Art of Cogs Part 2
(Continued from yesterday.)
In April, 2008, I had been living in the city for a couple months and was becoming a regular attendee of the monthly San Francisco Postmortem where one night I had the good fortune of meeting one Rob Jagnow. I'd been looking for a project to give me something creative to do (at the time I was parking cars for a local Valet company) and Rob pointed me to his website where he had a few screenshots of a small personal project he'd been working on called "Cogs."
By this point the game had evolved to include three distinct challenge modes and around 25-30 playable puzzles. I liked what I saw, especially once Rob sent me a fully functioning build to play through. The game was a lot of fun even in it's current state.
Rob described the game to me as "steampunk," which intrigued me because steampunk was something I knew a decent bit about. Aside from the fact that it was something I'd been into since well before it became a household term (well, nerd households anyway) I am an avid Lego enthusiast, and there is a whole Lego enthusiast sub-group devoted to steampunk Lego creations. So I sketched up some interface ideas, throwing in everything I knew about the steampunk genre, and sent them off to Rob.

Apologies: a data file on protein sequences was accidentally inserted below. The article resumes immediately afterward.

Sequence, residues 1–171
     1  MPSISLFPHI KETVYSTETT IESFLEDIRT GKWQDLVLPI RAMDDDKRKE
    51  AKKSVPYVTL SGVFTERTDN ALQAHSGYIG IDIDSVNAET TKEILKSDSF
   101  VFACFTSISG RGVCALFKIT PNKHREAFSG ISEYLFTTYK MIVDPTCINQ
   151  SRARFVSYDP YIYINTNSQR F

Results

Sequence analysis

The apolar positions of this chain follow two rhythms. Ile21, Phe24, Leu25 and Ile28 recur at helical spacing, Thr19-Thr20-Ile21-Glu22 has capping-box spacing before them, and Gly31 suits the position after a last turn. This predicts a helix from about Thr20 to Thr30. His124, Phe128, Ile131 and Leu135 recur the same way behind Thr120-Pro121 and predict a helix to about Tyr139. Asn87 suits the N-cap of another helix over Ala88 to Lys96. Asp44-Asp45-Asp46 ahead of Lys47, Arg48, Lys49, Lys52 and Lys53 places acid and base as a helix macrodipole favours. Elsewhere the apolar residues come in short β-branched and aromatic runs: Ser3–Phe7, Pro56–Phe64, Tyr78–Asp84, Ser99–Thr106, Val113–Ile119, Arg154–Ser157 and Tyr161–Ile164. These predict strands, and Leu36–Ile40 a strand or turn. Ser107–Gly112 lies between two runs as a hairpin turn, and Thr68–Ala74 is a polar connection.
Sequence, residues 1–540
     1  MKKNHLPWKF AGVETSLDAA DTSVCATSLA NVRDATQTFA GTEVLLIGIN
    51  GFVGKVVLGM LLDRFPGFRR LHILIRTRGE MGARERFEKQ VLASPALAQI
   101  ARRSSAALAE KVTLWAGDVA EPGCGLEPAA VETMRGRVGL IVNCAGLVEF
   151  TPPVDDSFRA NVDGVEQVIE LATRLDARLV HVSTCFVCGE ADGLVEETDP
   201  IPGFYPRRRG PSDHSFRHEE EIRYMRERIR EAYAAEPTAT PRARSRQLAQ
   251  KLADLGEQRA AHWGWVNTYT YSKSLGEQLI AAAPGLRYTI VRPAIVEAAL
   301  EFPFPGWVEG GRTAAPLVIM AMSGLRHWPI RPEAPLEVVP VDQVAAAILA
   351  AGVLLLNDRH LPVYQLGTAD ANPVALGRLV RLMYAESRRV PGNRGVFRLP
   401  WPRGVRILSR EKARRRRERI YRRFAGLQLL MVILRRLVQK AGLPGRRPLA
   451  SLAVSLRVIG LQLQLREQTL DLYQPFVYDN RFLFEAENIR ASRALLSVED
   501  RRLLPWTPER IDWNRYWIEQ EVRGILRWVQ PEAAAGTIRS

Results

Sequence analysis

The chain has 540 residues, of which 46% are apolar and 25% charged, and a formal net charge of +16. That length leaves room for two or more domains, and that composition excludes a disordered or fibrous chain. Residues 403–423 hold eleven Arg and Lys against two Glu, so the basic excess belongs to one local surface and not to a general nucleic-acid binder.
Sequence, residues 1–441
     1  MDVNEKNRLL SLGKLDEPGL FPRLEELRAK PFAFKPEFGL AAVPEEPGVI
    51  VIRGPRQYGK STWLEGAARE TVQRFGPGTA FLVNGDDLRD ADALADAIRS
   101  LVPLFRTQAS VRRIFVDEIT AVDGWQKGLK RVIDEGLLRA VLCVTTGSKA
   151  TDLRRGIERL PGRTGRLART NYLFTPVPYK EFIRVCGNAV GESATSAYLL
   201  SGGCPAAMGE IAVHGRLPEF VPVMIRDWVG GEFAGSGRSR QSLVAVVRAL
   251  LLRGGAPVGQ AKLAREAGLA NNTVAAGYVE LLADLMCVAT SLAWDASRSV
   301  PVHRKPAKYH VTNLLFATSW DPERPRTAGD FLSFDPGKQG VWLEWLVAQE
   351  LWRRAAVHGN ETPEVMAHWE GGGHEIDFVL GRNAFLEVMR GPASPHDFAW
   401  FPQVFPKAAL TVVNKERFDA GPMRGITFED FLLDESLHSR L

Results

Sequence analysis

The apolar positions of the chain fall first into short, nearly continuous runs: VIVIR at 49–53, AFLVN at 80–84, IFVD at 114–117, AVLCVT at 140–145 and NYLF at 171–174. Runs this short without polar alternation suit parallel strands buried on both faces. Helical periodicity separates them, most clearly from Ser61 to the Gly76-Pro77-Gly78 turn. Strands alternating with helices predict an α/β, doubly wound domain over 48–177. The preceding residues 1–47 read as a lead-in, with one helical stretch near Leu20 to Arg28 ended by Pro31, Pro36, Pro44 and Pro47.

Rob liked what he saw, save for a few details (he had decided early on that there would be no electricity in the game, at least not yet). However while at this point I had convinced him of my interest in the project and that I could probably bring some creative input to the table I still had to prove that I actually knew what I was talking about so I whipped up a quick menu button with accompanying diffuse, specular and normal maps and sent it all his way. Within a week we were drawing up a contract.
While we never ended up using that button I had already begun establishing the foundation of the eventual Cogs aesthetic. Note, for instance, a certain gear motif that found its way onto most of the final interface elements.